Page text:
While I don't need it anymore, I wish I could find audio from that recording. Or at least find out who that performer was.
 

Kae

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I've never tried it, probably should give it a go since I do suffer from Insomnia and refuse to take sleeping pills, but I just prefer to skip sleep one day and sleep early the next or at least to listen to music while I'm supposed to be asleep, which granted a lot of times I do manage to fall asleep after around 3 hours of music.
 

Bob_McMillan

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I hate it when its the kind where its people talking, it annoys me to no end that I can't really tell what they're saying, but ones such as soap cutting can be pretty relaxing.
 

Wintermute_v1legacy

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I remember listening to some haircut ASMR ages ago. Other than that, I already get my daily dose of random sounds from traffic, construction sites, crackheads, etc.
 

Chimpzy_v1legacy

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Saelune said:
ASMR has been taken over by fetishists.
Do you mean all those people who do kissing, licking and other mouth noises and/or various kinds of massages into a binaural mic? Yeah, quite a lot of those.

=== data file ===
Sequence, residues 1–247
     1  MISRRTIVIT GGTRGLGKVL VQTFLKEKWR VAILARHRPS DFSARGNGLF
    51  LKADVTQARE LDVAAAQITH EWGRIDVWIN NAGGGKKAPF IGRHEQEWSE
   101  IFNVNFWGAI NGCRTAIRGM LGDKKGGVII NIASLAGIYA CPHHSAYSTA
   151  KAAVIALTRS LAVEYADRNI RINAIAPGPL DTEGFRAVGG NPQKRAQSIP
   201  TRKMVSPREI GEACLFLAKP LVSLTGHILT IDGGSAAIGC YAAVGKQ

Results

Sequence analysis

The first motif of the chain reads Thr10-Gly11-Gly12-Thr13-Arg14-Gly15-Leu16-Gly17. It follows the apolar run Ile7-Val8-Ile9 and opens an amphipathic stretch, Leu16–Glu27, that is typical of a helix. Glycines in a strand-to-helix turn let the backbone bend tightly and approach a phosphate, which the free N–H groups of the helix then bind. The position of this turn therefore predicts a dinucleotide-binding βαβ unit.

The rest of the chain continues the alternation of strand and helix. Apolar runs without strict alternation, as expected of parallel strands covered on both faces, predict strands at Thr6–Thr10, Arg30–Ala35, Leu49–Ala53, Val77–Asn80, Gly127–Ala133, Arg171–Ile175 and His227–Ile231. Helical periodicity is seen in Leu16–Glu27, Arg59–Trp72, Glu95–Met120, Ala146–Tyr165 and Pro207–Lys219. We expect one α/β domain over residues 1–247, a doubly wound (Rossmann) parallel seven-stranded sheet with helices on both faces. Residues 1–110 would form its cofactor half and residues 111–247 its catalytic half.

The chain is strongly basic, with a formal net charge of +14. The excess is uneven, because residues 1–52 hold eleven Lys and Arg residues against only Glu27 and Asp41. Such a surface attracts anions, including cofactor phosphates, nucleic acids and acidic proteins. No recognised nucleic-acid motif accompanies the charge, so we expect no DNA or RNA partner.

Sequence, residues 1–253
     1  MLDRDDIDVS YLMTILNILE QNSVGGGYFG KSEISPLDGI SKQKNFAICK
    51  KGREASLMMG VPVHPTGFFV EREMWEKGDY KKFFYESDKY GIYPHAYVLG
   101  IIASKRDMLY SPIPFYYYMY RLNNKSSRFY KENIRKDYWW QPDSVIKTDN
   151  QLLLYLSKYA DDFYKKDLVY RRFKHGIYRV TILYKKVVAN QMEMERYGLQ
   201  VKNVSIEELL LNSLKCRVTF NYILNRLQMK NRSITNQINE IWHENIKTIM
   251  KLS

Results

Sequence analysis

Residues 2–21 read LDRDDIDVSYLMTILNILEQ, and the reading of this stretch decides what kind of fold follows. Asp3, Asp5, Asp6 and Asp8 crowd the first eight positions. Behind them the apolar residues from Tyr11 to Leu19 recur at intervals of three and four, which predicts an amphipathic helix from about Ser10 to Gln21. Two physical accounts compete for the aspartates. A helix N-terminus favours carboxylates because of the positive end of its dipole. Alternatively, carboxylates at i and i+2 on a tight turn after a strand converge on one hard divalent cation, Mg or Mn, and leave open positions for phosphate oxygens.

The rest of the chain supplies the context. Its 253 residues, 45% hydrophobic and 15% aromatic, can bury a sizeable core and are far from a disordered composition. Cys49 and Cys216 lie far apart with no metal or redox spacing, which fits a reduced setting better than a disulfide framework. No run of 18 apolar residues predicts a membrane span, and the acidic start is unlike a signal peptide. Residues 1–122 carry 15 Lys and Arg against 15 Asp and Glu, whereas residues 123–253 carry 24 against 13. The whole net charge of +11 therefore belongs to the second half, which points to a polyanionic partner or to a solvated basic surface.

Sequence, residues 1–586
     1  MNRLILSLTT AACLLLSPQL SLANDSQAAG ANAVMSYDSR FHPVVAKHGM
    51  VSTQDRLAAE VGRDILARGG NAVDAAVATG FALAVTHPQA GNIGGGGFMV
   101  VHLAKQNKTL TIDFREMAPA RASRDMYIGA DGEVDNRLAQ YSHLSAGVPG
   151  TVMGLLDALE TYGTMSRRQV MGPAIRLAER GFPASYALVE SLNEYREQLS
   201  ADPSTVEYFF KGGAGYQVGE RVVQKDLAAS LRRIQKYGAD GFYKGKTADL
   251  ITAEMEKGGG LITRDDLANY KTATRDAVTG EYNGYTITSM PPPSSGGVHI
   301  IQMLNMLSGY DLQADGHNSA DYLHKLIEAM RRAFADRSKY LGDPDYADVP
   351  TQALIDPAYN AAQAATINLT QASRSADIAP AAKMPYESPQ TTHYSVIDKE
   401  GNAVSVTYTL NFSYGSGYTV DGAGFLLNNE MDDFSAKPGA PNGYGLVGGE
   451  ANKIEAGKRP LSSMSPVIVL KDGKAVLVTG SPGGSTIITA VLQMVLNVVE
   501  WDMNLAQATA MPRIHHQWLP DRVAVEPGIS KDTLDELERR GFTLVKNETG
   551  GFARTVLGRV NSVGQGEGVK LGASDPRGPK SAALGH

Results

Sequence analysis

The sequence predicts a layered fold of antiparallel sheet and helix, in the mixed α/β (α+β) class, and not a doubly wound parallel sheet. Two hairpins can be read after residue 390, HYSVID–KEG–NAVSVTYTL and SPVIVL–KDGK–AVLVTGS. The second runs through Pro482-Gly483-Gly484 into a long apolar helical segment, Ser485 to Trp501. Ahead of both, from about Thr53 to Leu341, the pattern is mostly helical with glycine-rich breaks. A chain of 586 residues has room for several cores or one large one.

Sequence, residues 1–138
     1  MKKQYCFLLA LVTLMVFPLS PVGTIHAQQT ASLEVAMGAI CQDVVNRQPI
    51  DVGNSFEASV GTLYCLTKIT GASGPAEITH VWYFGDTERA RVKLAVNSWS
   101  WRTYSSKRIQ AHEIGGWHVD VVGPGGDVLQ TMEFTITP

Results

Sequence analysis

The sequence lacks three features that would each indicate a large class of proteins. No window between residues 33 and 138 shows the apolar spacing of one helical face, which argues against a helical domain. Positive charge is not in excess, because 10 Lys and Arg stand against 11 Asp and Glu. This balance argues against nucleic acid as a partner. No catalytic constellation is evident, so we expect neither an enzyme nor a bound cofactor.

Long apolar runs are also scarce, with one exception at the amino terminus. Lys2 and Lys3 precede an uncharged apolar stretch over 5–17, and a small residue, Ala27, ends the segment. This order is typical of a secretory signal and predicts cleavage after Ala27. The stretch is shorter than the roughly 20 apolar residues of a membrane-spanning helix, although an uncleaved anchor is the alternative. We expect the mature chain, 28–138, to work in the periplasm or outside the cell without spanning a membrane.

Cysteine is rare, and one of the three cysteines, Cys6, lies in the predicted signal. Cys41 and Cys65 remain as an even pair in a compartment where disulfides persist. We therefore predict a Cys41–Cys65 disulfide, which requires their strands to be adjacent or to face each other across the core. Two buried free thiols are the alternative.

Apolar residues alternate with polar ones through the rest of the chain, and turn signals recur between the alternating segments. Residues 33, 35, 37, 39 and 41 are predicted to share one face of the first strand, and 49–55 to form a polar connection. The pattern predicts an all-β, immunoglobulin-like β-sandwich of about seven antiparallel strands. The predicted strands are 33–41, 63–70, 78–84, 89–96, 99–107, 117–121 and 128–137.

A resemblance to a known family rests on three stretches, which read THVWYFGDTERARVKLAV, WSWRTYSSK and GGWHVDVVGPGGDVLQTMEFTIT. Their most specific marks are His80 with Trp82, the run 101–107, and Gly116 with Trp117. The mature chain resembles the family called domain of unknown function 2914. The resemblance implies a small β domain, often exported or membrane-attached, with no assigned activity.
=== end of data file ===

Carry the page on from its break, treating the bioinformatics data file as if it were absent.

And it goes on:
Not fond of them either. Not for being fetishy, but because they're so damn uncreative. They do the same 3 or 4 triggers over and over, video after video.
 

Saelune

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Chimpzy said:
Saelune said:
ASMR has been taken over by fetishists.
Do you mean all those people who do kissing, licking and other mouth noises and/or various kinds of massages into a binaural mic? Yeah, quite a lot of those.

Not fond of them either. Not for being fetishy, but because they're so damn uncreative. They do the same 3 or 4 triggers over and over, video after video.
That, people who dress up as characters and do things. A lot of it is not blatantly sexual, but then that is usually what makes a fetish a fetish. But I bet the number of people who are into any specific ASMR thing beyond rain sounds for sleep/comfort aids are in the minority compared to those who are getting off to it, and those who want to gawk at the things people are getting off to.

To pre-empt, people can be into whatever they want, but lets not pretend it is something different than what it really is.